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Uncle Bonsai in concert at Twisted Oak

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POSTED July 3, 2013 10:19 p.m.

 

 

VALLECITO — Twisted Oak Winery’s next concert on Friday, July 5, features the hilarious folk artists Uncle Bonsai.

Twisted Oak Winery is at 4280 Red Hill Road and Highway 4 in Vallecito. Gates sopen at 6:30 p.m. and the concert starts at 7:30 p.m. Tickets are $20 advance ($18 Twisted Few wine club members), or $25 at the gate, if available.

Children 12 and under are admitted free of charge.

For more info, or to purchase tickets:  209-736-9080, twistedoak.com/concerts

“If you've ever had a mother or father, son or daughter, dog, cat, baby, in-laws… you'll laugh til your sides hurt!” said winery co-owner Mary Stai. “Everyone can relate to the humor in Uncle Bonsai’s songs.”

Anniversary dinners are also special at Twisted Oak Winery, this time featuring pork shoulder slow-roasted in our underground pit barbecue, grilled Smart Chicken, black bean and corn salad, and a refreshing feta-watermelon salad. All of this deliciousness will be available for purchase, along with yummy Twisted Oak wine, popcorn, and soft drinks. Concertgoers are welcome to bring their own picnics but we ask that no outside alcoholic beverages be brought in.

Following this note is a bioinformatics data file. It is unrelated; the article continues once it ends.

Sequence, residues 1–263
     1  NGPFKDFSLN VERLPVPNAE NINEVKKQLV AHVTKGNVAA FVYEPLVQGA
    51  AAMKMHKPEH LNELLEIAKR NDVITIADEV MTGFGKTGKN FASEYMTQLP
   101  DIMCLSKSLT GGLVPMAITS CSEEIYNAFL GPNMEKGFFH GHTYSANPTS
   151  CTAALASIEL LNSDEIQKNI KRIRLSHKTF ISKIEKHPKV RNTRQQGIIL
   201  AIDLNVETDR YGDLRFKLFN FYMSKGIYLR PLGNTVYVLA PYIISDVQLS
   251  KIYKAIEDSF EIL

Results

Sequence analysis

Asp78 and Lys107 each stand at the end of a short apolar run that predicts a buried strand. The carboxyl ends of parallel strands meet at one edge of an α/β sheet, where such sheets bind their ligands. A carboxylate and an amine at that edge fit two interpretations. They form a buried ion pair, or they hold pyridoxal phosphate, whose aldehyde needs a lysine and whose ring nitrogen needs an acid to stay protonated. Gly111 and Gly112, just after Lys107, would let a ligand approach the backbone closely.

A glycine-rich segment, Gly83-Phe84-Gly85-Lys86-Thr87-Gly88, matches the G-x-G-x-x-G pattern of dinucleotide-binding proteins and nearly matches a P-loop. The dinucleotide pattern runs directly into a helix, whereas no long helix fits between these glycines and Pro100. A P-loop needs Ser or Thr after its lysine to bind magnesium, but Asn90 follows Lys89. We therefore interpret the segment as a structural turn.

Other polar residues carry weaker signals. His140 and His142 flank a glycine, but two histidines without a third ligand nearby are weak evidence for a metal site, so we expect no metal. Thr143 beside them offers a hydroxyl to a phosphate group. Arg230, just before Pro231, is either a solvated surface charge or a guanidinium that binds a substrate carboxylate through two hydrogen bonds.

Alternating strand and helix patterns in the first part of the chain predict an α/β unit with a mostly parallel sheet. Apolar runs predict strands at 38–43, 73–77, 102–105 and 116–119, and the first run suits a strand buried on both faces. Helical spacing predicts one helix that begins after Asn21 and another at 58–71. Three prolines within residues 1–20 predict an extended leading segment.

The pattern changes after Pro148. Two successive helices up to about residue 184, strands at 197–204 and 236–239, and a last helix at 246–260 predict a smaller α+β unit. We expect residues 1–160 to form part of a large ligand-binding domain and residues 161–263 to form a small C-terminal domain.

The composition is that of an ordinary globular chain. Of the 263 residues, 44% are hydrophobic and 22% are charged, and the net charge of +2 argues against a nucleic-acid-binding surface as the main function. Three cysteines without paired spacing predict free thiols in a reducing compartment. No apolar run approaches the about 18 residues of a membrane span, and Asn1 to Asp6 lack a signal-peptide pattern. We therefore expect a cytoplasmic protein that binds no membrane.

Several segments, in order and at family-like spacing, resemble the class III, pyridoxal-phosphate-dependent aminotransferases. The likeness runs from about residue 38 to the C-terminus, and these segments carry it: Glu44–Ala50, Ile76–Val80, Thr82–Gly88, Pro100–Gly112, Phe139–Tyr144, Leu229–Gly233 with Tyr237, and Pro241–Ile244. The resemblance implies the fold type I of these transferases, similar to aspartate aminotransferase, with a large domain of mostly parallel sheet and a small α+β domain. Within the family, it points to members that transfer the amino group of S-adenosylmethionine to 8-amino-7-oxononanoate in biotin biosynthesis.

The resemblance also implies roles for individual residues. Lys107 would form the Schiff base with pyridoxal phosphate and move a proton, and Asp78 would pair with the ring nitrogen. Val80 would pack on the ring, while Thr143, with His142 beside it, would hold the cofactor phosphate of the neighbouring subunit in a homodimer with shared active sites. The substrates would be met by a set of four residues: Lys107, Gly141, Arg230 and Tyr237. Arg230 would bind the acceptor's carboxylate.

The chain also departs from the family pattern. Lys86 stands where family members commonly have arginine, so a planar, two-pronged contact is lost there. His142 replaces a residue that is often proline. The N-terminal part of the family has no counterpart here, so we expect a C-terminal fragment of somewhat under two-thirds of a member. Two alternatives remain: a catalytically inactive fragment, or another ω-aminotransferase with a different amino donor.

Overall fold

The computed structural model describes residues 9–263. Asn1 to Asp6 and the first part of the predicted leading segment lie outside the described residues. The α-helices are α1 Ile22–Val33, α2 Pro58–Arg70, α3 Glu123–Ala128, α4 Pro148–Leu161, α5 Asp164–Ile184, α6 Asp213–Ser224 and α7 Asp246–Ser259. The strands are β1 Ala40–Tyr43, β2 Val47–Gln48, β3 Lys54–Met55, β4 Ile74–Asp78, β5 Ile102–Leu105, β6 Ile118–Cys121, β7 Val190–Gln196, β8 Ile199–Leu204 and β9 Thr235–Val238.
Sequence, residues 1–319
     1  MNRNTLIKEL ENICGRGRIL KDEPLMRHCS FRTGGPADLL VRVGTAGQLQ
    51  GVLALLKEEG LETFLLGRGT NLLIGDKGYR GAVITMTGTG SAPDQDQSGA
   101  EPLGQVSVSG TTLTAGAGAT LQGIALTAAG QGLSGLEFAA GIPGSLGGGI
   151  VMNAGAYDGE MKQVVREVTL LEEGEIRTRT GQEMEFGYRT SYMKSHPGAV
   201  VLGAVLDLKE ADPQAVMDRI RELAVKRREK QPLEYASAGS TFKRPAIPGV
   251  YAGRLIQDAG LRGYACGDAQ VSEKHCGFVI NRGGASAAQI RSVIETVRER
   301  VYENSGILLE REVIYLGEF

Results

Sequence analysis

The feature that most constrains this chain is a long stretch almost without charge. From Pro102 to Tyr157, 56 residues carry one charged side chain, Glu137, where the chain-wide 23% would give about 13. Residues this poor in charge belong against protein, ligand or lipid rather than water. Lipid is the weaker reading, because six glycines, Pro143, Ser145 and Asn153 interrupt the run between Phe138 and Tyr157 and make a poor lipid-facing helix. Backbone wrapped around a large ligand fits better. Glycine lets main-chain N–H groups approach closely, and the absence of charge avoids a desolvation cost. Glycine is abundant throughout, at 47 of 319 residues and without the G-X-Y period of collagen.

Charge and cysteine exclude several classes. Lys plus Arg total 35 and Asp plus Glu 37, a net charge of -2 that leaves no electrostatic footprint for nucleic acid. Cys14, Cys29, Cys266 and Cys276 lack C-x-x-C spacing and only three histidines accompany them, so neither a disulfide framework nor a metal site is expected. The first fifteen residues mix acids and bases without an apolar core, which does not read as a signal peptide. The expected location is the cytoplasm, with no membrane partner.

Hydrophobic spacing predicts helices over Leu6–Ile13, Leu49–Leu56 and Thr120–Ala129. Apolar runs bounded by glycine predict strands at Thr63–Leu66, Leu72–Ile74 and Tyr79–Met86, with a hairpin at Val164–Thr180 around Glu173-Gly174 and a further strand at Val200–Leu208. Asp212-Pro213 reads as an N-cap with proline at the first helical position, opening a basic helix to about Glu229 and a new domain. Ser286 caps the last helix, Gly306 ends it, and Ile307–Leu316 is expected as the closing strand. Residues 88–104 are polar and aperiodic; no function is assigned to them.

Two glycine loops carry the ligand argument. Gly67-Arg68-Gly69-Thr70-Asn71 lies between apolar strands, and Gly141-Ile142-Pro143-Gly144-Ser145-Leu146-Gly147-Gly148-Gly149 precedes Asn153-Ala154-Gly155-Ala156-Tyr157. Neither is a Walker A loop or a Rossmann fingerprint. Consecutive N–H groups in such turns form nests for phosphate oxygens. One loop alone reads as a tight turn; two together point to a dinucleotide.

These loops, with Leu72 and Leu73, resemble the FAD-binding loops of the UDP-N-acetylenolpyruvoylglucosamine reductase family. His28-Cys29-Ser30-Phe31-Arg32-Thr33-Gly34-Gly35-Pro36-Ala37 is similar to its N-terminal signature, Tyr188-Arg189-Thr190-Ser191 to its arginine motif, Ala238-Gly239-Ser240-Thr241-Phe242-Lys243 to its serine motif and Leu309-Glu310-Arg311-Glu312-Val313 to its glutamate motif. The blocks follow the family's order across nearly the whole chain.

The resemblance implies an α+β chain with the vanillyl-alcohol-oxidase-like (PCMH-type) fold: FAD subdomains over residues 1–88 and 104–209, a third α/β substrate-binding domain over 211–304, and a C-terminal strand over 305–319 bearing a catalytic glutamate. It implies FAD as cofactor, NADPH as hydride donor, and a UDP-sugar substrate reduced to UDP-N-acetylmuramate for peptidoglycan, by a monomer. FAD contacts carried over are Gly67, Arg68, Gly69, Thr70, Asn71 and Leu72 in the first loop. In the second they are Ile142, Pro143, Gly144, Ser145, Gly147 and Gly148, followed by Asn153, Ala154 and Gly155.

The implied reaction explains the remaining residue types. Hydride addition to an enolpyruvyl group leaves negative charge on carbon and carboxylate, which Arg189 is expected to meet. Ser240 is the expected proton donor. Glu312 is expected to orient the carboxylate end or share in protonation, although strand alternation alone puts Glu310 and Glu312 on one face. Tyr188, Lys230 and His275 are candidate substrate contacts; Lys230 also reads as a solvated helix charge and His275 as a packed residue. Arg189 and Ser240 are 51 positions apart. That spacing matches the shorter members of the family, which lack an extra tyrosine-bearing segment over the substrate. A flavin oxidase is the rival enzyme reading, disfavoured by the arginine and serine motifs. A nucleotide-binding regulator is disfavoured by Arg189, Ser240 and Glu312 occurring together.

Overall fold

Seating at Twisted Folk concerts is outdoor festival style, first-come, first-served – bring a low beach-type chair or a blanket. We’re on top of a hill and there is always an evening breeze – it can get a little chilly after dark so please plan ahead.

Seattle folk-pop legends Uncle Bonsai “perform funny original songs whose exquisite musical detail and subtle needling wit attain a level of craft not often seen in pop”, according to the New York Times.

Bonsai’s songs often champion the underdog, the odd man out, the dejected and despised, the “rounded up unpopulars” — in one’s own family, in society, and even more broadly, sadly enough, in the universe.

The band launched in the early '80's, opening shows for Suzanne Vega, Loudon Wainright III, Bonnie Raitt, 10,000 Maniacs, and co-billing with They Might Be Giants and The Bobs, among others, somewhat mystifying record label categorization.

 

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